"There are few artist film-makers currently working whose body of work is as quietly ambitious, committed and beautifully realised as that of Jessica Sarah Rinland. Her multi-award winning 16mm short films have established a singular style, informed by extensive research, precise but lyrically associative editing and a refreshing sense of gender, giving emphasis to subtly sensitive portraits of friendship, mutual obsession, female intellectual enquiry and profound empathy with the natural world. She has proved particularly adept at productively complicating the interior lives of driven individuals in her films, balancing fiction with documentary, and narrative with a medium-reflexive inquiry.
The major priority of her artistic activity in various media over recent years has been the whale – its life-cycle and the challenges to its ecology, as well as the historical, environmental and cultural contexts in which it is viewed. Hers is important and timely work, made of attention, prescience and grace." – Gareth Evans
The Blind Labourer
2016 | 26 min | Colour | Digital
The Blind Labourer examines the similarities and contrasts within the whaling and lumber industry. It edits together archive footage of labourers in the forests, at sea and in factories, felling trees, cutting whales and developing their multiple products for society and scientific studies. The film rejects the idea that beings can be ranked according to their relative value, and explores each micro and macro forms' effect on one other.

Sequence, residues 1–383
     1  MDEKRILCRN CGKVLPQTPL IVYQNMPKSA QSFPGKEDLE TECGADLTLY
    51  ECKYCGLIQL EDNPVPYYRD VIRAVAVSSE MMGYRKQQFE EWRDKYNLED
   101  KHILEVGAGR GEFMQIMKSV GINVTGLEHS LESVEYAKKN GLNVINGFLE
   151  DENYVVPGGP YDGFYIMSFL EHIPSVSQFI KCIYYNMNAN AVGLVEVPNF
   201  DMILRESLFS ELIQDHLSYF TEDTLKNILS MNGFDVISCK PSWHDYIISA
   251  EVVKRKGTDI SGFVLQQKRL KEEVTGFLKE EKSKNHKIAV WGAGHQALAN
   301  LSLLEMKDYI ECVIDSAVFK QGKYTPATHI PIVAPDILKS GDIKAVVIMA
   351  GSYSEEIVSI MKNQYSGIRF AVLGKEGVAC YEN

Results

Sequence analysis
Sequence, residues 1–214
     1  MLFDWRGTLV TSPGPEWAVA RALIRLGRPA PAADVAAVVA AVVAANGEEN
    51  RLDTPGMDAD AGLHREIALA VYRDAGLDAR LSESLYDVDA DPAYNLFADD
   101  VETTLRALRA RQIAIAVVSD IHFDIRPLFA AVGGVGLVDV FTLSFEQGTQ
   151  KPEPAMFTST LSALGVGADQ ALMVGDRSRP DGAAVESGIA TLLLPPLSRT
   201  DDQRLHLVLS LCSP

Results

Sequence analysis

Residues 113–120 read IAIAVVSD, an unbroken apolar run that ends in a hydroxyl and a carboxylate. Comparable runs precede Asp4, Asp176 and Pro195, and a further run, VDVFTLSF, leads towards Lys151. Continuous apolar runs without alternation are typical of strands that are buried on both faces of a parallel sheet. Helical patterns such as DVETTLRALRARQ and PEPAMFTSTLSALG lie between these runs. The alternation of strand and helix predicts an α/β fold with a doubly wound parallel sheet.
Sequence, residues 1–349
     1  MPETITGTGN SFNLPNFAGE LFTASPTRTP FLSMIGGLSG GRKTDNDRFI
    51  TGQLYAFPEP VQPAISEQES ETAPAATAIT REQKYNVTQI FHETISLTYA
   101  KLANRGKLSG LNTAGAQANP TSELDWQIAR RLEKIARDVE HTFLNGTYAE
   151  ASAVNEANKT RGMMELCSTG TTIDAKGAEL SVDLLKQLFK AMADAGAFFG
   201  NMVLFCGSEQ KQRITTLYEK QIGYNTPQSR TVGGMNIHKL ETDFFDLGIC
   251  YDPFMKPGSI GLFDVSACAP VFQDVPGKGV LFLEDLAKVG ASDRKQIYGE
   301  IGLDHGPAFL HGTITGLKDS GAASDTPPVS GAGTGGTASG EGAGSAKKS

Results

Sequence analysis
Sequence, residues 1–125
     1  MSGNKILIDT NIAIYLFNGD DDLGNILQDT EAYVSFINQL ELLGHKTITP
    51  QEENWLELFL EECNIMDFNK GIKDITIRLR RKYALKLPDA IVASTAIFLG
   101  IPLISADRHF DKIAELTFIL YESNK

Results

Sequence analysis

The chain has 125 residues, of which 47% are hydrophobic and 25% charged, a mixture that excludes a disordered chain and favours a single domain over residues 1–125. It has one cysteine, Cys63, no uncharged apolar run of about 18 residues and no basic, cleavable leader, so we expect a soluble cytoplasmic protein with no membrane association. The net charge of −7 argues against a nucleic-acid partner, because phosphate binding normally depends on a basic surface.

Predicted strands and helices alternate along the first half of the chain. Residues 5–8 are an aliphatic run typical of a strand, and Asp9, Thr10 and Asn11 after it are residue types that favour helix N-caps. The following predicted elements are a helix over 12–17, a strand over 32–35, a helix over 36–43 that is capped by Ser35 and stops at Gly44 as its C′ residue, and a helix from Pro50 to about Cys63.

Accounts ranging from varying moments in human history, describe the organisms that inhabit the second largest wetland in the world.
Commissioned by Arts Council England and London Short Film Festival Y Berá, Bright Waters responds to the educational films of Mary Field from 1920 to 1950. It is filmed in the second biggest wetland in the world, Iberá, with an incredible biodiversity of fauna and flora. Voiceover and text are taken from historical and current facts, and fictional accounts of the Argentine landscape, to comment on how the dissemination of knowledge in film has changed throughout history.
Inquisitive hands explore what the eye is unable to see. Filmed at Tate Britain.
Necropsy of a Harbour Porpoise (Seeing From our Eyes into Theirs)
Jessica Sarah Rinland
2015 | 11 min | Colour | Digital
A response to Stan Brakhage’s The Act Of Seeing With Ones Own Eyes which creates a blunt statement on the human condition by depicting human autopsies. Necropsy of a Harbour Porpoise (Seeing From Our Eyes Into Theirs) examines the ever-enigmatic whale by revealing its interior, taking away its mystery and disparity, highlighting similarities between seemingly contrasting, expired organisms.
80-year-old Saul has lived in London all his life. For the past 20 years he has spent his spare time climbing trees in Hampstead Heath.
Jessica Sarah Rinland
2009 | 3 min | Colour | Digital
An unidentifiable image appears and disappears. A voiceover accounts the invisibility of a hole in the middle of a road (Poem by Jorge Bucay).